As part of a plea agreement, Brenda Grisel was sentenced Feb. 11 to 12 months and one day of incarceration. The Court will allow her to self-surrender on Feb. 18 to the US Marshal’s service in Texas.
To facilitate family visitations, the Court will recommend that Brenda Grisel be designated to the Federal Medical Center, Carswell – a United States federal prison in Texas for female inmates of all security levels with special medical and mental health needs – or in the alternative Federal Prison Camp, Bryan – a minimum-security United States federal prison for female inmates also in Texas.
Perkins, along with his wife and his girlfriend, obtained a combined total of 7,090 oxycodone 30 mg pills from Dr. Wilcox, according to court documents. Perkins obtained the pills for personal use as well as to distribute for profit.
Interviews of co-conspirators as well as testimony at the Wilcox trial indicate that Perkins bought hundreds of oxycodone pills each month directly from co-conspirators over an approximate two-year period.
Perkins was arrested in 2012 with his girlfriend for jointly selling oxycodone 30 mg pills to a Washington County Drug Task Force confidential informant on two separate occasions.
Perkins was charged with and pled guilty in November 2013 to distribution of oxycodone, based on the conduct that occurred in 2012, a time period covered by the conspiracy charges in this case. He served approximately one year in jail based on that conviction.
As part of a plea agreement, Judge Stewart sentenced Perkins Feb. 10 to one day behind bars with credit for time served. He must prove his ability to remain substance abuse- and crime-free during his 36 months of supervised release. He will be subject to incarceration if he is unable or unwilling to do so.
During the course of Ayrton’s involvement in this case, he was highly-addicted to opiates and painkillers, according to court documents, and was taking as many as 10 oxycodone 30 mg pills per day. In order to pay for the opiates, Ayrton would perform various tasks, repairs or office work for Dr. Wilcox.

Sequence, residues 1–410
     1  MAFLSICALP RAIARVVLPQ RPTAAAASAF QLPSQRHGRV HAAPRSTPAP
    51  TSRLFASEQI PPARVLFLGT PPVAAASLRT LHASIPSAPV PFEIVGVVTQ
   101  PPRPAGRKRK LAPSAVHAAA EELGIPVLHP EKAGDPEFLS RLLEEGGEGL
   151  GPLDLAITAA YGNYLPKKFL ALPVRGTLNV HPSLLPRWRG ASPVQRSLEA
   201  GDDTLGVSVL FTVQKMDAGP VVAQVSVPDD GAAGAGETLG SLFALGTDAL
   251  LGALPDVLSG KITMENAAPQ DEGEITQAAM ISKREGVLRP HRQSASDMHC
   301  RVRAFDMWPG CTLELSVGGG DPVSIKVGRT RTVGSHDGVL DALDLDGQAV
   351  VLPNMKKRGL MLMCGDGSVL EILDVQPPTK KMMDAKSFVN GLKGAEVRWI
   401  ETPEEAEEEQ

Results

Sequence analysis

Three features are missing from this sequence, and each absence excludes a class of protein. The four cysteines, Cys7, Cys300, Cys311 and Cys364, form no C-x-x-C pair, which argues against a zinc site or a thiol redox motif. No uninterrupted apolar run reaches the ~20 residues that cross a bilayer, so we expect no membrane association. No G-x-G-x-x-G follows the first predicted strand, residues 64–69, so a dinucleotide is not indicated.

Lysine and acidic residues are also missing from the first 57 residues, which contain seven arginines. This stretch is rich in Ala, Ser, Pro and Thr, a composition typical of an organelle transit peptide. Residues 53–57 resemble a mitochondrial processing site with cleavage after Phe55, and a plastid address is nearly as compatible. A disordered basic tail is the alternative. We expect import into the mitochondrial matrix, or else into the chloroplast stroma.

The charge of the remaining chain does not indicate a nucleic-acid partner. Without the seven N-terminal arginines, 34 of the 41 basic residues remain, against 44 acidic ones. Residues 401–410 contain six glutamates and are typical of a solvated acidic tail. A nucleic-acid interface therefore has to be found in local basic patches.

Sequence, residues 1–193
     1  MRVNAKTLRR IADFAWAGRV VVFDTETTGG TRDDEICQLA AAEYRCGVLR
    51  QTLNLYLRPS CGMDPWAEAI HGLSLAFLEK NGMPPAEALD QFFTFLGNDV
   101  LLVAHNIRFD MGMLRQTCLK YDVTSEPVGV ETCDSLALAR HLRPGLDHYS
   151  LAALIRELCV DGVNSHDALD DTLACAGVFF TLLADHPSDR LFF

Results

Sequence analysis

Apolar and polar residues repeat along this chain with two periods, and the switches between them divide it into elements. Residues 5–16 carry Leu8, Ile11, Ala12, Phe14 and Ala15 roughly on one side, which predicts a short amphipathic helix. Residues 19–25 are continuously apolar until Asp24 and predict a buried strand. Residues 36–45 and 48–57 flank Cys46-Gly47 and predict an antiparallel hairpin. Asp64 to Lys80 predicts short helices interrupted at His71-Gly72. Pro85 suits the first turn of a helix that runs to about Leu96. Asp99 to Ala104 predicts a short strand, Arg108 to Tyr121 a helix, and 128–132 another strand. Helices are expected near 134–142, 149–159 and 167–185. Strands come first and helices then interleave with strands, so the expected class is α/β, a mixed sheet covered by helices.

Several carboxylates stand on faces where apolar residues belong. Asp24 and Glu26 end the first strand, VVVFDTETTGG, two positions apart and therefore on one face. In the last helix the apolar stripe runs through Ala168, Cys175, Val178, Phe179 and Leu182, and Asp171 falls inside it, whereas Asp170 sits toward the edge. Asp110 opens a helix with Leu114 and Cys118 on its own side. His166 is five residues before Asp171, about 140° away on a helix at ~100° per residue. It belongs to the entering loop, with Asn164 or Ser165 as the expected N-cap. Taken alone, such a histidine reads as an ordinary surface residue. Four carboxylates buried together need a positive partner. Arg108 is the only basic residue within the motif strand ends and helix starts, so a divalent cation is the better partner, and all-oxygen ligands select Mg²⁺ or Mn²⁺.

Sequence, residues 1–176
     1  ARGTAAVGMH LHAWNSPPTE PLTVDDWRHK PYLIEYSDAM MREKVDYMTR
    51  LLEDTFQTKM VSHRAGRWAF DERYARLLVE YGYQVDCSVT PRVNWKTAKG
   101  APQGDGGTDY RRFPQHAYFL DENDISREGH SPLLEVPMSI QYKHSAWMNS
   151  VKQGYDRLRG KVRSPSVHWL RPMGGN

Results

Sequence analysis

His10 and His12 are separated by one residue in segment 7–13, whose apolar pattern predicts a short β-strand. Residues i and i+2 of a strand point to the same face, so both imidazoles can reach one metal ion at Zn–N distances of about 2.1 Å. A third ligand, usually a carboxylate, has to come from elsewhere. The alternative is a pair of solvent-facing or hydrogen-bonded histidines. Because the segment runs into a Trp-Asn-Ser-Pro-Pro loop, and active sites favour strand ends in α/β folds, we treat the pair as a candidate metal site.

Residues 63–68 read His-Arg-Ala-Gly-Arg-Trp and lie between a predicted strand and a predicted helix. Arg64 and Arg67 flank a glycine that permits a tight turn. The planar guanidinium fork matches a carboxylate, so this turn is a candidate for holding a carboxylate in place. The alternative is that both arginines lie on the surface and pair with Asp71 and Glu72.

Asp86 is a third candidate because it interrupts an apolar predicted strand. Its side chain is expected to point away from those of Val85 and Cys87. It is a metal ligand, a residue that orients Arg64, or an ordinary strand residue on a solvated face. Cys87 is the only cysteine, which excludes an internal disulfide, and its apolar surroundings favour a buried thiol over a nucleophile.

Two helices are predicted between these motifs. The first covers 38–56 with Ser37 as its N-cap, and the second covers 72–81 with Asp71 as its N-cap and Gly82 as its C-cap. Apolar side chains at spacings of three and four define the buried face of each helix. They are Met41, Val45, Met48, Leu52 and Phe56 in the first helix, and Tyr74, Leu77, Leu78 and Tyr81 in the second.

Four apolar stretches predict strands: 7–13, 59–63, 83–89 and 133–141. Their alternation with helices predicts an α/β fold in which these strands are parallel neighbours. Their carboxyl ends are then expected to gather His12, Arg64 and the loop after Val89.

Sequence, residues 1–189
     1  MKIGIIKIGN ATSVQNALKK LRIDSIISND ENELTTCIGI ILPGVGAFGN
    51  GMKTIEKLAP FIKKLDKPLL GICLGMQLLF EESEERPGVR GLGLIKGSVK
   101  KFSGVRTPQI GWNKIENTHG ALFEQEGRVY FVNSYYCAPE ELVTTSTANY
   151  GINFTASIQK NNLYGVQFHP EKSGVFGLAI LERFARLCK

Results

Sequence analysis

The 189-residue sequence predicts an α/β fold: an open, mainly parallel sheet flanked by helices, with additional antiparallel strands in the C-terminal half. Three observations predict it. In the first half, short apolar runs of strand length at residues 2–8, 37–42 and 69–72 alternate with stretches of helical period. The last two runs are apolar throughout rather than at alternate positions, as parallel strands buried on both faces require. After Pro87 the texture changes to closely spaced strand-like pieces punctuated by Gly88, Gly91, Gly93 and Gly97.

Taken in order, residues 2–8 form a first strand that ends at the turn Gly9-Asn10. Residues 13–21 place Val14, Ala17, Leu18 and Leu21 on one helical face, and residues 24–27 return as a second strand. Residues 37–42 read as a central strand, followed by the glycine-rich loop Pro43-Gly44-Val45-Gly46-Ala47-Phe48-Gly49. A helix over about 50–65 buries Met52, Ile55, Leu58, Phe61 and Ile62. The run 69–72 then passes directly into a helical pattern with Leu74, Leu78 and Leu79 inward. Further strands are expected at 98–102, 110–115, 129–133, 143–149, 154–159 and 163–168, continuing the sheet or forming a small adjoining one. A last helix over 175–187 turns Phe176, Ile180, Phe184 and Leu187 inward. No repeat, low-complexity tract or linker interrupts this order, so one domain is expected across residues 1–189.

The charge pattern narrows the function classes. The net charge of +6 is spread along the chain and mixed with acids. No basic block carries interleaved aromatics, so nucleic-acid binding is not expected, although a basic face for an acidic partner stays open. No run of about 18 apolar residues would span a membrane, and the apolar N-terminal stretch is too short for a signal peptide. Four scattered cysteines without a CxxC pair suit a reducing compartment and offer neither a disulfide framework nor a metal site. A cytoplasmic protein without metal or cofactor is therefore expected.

Ayrton testified that he was buying the pills for approximately $10 per pill, and was receiving approximately 100 to 200 pills per week, and selling up to 800 pills per month at varying rates.
As part of his plea agreement, Ayrton was sentenced Feb. 16 to 36 months of incarceration for his role in the conspiracy.
The Court will allow Ayrton to self-surrender on March 29 and will recommend that he is designated to the Federal Correctional Institution, Englewood – a low-security United States federal prison for male inmates in Colorado – to facilitate family visitations and also to be seriously considered for participation in the Residential Drug Abuse Program.
It was determined that Hales made the false identification documents to allow co-conspirators and himself to fill prescriptions for oxycodone using false names.
The evidence at trial showed that Hales used 51 prescriptions written under false names to obtain 4,830 oxycodone 30 mg pills, according to court documents. Hales testified that he consumed the vast majority of those, as he became an addict who took to injecting oxycodone with a needle.
Because Hales testified at the Wilcox trial and was instrumental in helping show the jury that Dr. Wilcox was knowingly involved in the conspiracy, the government recommended a sentence of 36 months imprisonment.
Hales is scheduled to be sentenced sometime this month.
Dr. Simmon Wilcox
Wilcox was convicted on Jan. 28 on one count of conspiracy to distribute oxycodone and one count of distribution of oxycodone. A jury acquitted Wilcox on three counts of distribution of hydrocodone. The jury deliberated about five hours before returning the verdict.
Evidence at the trial showed Dr. Wilcox wrote approximately 618 prescriptions resulting in the diversion of more than 81,000 30 mg oxycodone pills for nonmedical purposes between July 2010 and March 2013.
Judge Stewart, who presided over the trial, set sentencing for Dr. Wilcox for April 18. Wilcox faces up to 20 years in prison and a fine of $1 million for each of the two drug distribution counts of conviction.